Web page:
Some single custodial parents in Rhode Island are no doubt aware of how challenging it can be to collect child support payments. Americans, on average, do not have the best track record when it comes to paying child support.
Though recent reports giving exact numbers on unpaid child support are scarce, the federal Office of Child Support Enforcement did release information in 2009 that Rhode Island residents may find surprising. $108 billion was owed to custodial parents in back payments just four years ago, and the problem continues today.
Thankfully, there are steps a custodial parent can take when an ex-spouse neglects or refuses to pay child support. Studies show that custodial parents who choose to block off their ex from visiting the couple's child -- severing lines of communication between parent and child and the parents themselves -- make it so there is statistically less of a chance that the non-custodial parent will pay child support. Keeping communication open allows the custodial parent to request some -- if not all -- of the payment owed, and maybe even come to a child support modification agreement out of court.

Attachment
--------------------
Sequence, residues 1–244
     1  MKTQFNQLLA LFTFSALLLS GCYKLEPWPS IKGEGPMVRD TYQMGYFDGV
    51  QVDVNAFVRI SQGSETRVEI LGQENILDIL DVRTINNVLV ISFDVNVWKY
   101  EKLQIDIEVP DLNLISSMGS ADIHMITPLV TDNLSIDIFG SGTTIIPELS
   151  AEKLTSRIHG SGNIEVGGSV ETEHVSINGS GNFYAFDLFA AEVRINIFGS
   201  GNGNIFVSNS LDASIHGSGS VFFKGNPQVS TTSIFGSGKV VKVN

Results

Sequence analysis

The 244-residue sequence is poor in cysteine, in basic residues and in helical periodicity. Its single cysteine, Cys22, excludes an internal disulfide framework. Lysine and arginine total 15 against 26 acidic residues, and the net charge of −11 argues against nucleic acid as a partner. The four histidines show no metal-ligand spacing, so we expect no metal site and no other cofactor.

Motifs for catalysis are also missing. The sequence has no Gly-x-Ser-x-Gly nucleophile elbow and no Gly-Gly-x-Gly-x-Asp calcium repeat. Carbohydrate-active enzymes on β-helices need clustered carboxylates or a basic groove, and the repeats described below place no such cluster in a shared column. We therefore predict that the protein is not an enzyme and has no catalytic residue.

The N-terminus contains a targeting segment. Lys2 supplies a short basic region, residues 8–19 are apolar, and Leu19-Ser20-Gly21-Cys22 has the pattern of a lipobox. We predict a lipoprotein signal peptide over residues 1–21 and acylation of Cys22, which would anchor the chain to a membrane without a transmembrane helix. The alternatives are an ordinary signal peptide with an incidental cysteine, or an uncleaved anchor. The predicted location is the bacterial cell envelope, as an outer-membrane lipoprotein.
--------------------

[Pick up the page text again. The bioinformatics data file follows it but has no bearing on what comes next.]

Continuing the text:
Unfortunately, though, these issues are not always resolvable outside of the court system. In cases where court action is required, there are a number of legal options custodial parents can take. Motions can be filed for enforcement that may result in a number of penalties for the ex who is refusing to pay child support. These include suspension of a driver's license, garnished wages and even jail time.
For anyone behind on child support facing these penalties, or anyone looking to enforce an order, seeking guidance and understanding of one's legal rights will prove immensely helpful.
Source: U.S. News Money, "What to Do When Your Ex Won't (or Can't) pay Child Support," Geoff Williams, Nov. 20, 2013